Another day wandered past today. I didn’t even really get a chance to say ‘see ya’.
My lunch time taken by a union meeting in which the past was gone over in agonising and unneccessary detail. I guess this is the problem with being in part of an industrial award that for the most part was not written with your work space in mind. Same could be said of the company more generally.
We, as a section of staff, make up such a small proportion of the company wide staff as to make very little difference to the industrial vista (a lonely molehill as it were), which the union and management are attempting to paint by numbers. The predominate requirements of the staff of this company are teachers – and teaching staff have specific requirements and require particular industrial rules to defend against things like work loads, extra hours, casualisation of the work force etc. Teaching Unionism has a history of defending working conditions, quality outcomes, dispute resolution.
Publishing unionism is a funny beast. Neither hound nor hare. Its a hidden entity. For most publishing houses its non-existent from my experience. Everyone accepts what’s handed down, squabbling over the bits that they think they can get away with … that goes on both sides of the table. Those risk takers willing to take a little bit of the bite, that can talk their way into positions beyond their merit (again both sides of the table) are rewarded. This is a problem that is ever present. those with a gift of gab (whether backed up or not) and those with a gritty belligerency are generally the winners. Who wants to do that one-up-personship and staring down with little eyes every three years (or at all in most cases?)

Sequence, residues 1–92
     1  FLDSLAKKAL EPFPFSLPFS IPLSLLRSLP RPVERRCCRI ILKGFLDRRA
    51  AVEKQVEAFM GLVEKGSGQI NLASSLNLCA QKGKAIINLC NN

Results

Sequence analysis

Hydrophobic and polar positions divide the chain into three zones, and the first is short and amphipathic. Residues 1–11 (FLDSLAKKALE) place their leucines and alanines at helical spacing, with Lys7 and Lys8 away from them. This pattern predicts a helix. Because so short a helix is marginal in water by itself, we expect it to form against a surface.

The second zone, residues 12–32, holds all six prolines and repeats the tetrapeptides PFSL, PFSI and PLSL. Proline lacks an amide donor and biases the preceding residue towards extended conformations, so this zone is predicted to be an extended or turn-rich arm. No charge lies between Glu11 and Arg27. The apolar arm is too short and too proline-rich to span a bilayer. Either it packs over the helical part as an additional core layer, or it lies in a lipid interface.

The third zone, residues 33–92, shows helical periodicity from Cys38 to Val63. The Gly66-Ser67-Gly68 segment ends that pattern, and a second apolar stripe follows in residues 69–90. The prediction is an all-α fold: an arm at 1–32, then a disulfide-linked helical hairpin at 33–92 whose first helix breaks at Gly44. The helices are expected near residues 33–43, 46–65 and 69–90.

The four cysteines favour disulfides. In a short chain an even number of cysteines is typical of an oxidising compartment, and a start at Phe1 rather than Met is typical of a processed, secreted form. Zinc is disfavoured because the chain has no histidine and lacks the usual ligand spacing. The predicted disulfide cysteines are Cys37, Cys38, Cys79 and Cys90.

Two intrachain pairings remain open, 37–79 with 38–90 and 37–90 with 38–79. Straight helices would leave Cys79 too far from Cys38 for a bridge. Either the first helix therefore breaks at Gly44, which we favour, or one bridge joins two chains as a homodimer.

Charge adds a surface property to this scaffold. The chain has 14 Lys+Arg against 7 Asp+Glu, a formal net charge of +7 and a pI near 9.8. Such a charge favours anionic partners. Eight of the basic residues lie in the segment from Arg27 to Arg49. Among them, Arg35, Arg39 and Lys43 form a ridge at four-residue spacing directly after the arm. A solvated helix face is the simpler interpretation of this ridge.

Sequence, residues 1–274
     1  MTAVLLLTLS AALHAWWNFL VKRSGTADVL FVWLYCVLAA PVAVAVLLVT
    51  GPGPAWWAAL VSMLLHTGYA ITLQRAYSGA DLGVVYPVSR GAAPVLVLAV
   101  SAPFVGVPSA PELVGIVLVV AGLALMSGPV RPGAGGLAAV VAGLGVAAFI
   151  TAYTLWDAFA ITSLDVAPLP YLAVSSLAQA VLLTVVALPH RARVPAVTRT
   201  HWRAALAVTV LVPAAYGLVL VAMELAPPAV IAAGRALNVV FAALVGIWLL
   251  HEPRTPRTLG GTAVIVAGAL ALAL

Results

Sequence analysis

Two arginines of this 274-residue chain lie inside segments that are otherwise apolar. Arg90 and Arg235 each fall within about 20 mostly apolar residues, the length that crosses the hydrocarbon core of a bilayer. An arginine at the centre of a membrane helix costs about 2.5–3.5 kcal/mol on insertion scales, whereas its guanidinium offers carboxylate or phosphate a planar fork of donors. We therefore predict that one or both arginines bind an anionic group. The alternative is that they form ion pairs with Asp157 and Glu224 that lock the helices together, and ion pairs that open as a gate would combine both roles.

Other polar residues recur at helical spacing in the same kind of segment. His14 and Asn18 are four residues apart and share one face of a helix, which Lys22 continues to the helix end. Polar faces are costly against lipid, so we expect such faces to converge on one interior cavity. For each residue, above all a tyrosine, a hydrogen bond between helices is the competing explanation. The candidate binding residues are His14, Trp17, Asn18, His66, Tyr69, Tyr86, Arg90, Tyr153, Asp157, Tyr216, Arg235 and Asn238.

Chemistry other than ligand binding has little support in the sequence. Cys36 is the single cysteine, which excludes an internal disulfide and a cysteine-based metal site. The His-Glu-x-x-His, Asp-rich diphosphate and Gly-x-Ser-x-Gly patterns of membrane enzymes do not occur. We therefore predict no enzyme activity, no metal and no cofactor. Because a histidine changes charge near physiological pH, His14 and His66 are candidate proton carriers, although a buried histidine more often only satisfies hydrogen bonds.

But what of en masse negotiation through representation. Is this the problem with representative democratic decision making? Does this help in any practical case? Economically does it merely limit work force numbers by creating barriers to (some) rises in income for some or barriers to new (or secure) employment for others? Does it prevent work force exploitation? None of these things are particularly true in my experience. But then what is that experience? Its an experience without a solid interest to back it through. I live and breathe the work conditions that have been won without a great interest in fighting this battle for each EA. It is enough that it is fought on my behalf. For this reason my dues are well spent. Fighting against an advantage that would otherwise be taken any time an opportunity arose on oneside of the table. That’s the problem – in the good times the wins are not shared equally on both sides of the table. The bad times it seems are very much that opportunity to be grasped. Economic responsibility not to raise inflation, not to increase unemployment and other such bogus claims are very much spouted publicly whilst the spouters are quite happy award the bonuses and the percentage salary increases in the rarified pay packets that circulate board rooms.
A 2 percent bonus is not a bonus its inflation. And its certainly not something that those wielding the calculators and fountain pens would accept should the positions be reversed.